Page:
Fourth Metra Board Member Resigns
Don't Miss This
Get Breaking News First
CHICAGO (CBS) — A fourth member of the Metra board has now quit following the blistering criticism that the commuter rail agency has faced over the buyout of its former chief executive officer.
Mayor Emanuel’s office says the mayor and Larry Huggins spoke today and agreed Huggins would resign from the Metra Board.
“I spoke with Larry today and we both agreed that he will step down from the Metra board. Larry has a lifetime of service to our city and its neighborhoods. His decision to leave the Metra board demonstrates his commitment and will allow the agency to begin a new chapter,” Emanuel said in a statement.
“I would like to thank Mayor Emanuel for the opportunity to serve Chicago and its residents. I care deeply about this city and in recent days, it has become clear that it is time for me to step aside and allow Metra to move on,” Huggins said in a statement.
Another casualty was former chairman Brad O’Halloran.
O’Halloran sent his letter of resignation to Cook County board members Thursday afternoon.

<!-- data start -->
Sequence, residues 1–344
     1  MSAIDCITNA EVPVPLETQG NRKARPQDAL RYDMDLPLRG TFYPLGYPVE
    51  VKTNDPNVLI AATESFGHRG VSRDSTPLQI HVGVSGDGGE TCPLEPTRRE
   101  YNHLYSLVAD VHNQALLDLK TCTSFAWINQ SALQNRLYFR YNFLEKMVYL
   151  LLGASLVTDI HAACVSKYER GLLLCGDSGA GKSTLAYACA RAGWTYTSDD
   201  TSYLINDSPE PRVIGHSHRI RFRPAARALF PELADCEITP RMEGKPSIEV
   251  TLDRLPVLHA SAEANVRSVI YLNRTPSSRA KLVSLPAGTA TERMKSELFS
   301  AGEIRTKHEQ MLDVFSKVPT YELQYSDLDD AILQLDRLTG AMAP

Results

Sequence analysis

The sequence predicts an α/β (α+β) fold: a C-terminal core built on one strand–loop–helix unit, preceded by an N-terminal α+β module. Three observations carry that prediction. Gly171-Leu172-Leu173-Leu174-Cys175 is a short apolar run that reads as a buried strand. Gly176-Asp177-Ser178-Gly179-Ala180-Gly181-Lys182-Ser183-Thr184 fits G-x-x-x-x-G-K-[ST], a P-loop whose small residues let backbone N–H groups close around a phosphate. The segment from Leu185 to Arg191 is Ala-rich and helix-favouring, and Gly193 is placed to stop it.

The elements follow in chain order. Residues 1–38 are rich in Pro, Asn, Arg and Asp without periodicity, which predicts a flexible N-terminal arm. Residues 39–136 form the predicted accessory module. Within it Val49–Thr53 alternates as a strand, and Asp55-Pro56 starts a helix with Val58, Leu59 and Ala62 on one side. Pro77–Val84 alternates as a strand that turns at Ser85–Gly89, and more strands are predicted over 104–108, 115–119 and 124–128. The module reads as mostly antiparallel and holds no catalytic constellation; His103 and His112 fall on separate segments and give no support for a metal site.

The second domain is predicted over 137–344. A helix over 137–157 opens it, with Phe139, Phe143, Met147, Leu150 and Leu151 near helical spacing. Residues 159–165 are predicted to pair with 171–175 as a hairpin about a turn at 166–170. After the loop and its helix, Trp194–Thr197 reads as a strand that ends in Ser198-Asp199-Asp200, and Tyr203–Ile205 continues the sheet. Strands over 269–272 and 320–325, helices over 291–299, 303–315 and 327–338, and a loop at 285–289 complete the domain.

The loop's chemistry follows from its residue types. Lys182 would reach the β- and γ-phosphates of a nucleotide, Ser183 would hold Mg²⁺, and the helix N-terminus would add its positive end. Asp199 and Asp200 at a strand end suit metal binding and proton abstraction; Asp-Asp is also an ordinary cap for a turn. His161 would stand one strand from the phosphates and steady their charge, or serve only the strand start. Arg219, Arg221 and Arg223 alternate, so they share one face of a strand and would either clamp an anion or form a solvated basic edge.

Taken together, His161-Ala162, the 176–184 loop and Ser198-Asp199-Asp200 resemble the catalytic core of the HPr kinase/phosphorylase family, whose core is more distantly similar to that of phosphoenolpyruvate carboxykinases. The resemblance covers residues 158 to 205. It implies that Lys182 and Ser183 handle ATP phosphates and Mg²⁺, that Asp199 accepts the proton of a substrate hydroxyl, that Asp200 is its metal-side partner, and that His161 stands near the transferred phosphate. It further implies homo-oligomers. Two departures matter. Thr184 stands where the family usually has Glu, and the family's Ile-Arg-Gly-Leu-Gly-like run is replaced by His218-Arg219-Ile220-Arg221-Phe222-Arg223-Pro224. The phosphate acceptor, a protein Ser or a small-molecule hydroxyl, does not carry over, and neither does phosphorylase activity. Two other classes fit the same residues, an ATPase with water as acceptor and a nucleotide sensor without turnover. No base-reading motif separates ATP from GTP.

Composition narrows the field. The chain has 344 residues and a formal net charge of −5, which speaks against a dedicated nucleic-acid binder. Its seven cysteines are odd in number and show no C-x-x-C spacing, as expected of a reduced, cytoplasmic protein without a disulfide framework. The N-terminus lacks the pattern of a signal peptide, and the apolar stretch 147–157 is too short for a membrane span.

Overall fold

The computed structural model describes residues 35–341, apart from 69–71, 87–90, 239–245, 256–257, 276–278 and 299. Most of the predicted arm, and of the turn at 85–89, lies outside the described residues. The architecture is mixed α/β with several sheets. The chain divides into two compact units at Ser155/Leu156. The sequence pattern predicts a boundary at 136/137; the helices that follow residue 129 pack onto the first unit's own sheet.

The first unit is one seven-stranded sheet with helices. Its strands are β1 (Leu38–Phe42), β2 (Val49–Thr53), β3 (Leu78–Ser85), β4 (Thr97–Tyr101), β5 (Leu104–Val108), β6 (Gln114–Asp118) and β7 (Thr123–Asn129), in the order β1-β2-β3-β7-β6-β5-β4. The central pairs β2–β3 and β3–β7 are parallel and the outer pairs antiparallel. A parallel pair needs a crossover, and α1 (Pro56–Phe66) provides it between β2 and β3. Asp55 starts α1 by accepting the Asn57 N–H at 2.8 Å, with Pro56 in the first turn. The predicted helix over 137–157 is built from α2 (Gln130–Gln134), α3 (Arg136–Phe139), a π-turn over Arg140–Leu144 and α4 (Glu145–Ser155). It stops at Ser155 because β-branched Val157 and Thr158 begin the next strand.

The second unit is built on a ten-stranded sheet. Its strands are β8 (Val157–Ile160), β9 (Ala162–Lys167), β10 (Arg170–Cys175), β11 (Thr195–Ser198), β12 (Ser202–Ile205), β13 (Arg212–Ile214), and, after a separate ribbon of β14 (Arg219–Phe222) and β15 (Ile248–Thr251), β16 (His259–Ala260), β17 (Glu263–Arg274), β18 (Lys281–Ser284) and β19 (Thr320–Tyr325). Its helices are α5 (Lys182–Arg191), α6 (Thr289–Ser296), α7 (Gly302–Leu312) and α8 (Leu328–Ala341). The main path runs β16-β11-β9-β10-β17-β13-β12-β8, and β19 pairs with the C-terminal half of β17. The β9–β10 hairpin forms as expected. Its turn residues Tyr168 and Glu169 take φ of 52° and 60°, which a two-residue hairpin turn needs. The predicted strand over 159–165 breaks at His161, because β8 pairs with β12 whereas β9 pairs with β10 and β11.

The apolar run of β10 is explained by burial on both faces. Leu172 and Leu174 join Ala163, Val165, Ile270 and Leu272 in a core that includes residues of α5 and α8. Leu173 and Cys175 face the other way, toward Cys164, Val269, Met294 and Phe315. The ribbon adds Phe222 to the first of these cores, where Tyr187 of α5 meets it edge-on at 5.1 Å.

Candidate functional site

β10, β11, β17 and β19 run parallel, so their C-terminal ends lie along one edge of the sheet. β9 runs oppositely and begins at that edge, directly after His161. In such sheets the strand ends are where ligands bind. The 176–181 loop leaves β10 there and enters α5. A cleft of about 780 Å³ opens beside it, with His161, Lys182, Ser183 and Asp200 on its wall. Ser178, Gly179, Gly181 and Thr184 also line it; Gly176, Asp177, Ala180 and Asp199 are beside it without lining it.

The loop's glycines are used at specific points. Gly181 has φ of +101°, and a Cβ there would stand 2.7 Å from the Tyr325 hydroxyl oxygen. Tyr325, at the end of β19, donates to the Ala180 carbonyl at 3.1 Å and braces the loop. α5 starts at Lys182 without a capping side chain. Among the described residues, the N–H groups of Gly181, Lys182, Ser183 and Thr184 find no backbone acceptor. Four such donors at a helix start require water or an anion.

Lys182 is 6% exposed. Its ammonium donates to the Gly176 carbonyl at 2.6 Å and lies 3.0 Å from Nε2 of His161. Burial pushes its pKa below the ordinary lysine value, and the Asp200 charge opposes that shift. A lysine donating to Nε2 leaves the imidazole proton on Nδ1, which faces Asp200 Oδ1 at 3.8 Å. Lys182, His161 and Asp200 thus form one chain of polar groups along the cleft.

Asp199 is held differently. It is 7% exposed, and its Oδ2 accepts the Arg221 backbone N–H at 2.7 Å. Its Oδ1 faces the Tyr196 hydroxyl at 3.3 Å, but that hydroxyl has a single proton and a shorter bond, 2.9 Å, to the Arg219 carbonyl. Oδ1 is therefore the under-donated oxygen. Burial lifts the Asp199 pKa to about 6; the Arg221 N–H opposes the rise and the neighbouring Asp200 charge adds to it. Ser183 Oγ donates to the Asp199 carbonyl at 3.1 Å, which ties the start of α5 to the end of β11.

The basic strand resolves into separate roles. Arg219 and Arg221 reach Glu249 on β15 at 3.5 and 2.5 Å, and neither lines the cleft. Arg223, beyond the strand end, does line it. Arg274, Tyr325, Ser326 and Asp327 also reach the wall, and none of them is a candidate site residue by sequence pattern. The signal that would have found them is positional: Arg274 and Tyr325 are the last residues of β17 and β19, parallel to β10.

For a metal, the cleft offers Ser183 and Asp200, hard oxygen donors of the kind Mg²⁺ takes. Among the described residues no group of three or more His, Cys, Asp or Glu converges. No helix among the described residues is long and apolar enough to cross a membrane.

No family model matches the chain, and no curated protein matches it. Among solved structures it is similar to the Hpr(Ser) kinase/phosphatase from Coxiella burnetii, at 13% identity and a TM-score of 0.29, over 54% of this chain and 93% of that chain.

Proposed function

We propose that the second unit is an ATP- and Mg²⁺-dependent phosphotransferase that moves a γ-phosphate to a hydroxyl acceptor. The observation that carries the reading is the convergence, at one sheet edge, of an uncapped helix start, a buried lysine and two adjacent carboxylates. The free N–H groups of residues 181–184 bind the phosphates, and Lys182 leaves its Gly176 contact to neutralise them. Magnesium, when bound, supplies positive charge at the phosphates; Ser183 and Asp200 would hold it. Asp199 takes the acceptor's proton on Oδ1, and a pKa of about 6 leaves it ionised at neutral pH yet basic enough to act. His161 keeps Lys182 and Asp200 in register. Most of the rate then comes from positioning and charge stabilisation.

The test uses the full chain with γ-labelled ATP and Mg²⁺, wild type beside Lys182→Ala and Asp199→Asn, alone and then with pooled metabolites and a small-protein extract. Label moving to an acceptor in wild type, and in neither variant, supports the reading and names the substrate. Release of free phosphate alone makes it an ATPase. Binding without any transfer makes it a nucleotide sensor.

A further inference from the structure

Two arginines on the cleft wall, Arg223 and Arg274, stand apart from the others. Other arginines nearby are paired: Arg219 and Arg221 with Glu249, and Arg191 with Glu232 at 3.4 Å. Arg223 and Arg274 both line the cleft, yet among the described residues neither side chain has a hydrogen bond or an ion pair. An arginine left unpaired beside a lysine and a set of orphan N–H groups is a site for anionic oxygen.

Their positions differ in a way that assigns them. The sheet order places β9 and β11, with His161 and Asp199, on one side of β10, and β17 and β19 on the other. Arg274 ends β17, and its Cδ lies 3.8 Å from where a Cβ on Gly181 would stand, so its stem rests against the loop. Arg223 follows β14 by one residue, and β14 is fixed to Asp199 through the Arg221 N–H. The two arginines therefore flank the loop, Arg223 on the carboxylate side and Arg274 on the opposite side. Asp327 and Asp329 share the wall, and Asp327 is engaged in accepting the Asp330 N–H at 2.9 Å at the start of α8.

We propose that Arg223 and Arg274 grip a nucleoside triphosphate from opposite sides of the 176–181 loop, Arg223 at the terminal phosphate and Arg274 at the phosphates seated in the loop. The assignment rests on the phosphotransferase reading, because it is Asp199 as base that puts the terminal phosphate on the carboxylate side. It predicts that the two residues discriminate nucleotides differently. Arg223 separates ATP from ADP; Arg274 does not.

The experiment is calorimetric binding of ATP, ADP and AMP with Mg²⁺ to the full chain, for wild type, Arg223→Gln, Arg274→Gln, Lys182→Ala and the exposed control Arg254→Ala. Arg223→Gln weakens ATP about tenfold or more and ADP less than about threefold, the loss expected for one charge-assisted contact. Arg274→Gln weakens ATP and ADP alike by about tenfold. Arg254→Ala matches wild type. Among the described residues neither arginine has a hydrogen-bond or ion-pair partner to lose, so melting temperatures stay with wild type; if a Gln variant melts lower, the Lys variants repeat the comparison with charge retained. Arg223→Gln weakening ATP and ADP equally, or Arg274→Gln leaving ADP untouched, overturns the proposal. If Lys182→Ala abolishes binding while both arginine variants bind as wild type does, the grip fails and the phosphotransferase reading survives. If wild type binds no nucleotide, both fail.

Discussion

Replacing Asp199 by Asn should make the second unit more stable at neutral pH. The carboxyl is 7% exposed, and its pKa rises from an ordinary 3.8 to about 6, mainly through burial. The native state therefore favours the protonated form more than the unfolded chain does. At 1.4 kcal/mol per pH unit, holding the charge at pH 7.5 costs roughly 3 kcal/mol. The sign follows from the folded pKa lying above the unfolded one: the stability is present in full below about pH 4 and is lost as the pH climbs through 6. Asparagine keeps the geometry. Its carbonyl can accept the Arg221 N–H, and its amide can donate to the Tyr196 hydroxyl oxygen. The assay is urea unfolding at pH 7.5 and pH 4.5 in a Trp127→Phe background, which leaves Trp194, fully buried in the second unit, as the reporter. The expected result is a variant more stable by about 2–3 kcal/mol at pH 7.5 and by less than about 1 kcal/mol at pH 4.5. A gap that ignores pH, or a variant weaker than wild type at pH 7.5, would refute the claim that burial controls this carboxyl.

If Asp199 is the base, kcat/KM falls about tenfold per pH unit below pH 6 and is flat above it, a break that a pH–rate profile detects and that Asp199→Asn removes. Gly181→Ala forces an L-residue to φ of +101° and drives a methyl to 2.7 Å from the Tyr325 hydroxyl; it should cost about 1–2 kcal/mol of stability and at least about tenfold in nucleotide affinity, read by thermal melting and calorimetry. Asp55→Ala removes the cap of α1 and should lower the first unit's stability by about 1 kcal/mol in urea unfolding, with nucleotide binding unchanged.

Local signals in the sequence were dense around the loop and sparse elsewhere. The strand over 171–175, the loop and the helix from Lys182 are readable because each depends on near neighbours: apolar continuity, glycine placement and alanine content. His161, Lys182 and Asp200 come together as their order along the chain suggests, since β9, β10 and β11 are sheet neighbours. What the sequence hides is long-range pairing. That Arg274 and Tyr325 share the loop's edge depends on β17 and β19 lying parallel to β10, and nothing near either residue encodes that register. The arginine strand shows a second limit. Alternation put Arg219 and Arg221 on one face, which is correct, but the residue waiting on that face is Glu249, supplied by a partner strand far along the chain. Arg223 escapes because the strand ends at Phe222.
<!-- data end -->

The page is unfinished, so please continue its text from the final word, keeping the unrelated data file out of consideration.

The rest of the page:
He was among board members who OKd a more than $700,000 contract buyout for former Metra CEO Alex Clifford, who claimed he was pressured to raise the salary of an agency employee who was a political crony of Illinois House Speaker Michael Madigan (D-Chicago).
O’Halloran is the third Metra board member to resign amid heavy criticism.
Clifford appeared before Metra’s parent organization last month and said Madigan last year sought the raise for campaign worker Patrick Ward at a time when Metra had imposed a freeze on non-union employee pay.
He also testified that another state legislator, Rep. Luis Arroyo (D-Chicago), asked him to hire someone recommended by the Latino caucus, and that two Metra board members asked him to grant the requests.
Clifford ultimately denied the requests, and Madigan’s political supporter quit his job at Metra to work for the state.
O’Halloran said the severance deal was OKd to avoid a legal battle with Clifford that would have been costly, win or lose.
Read O’Halloran’s resignation letter here.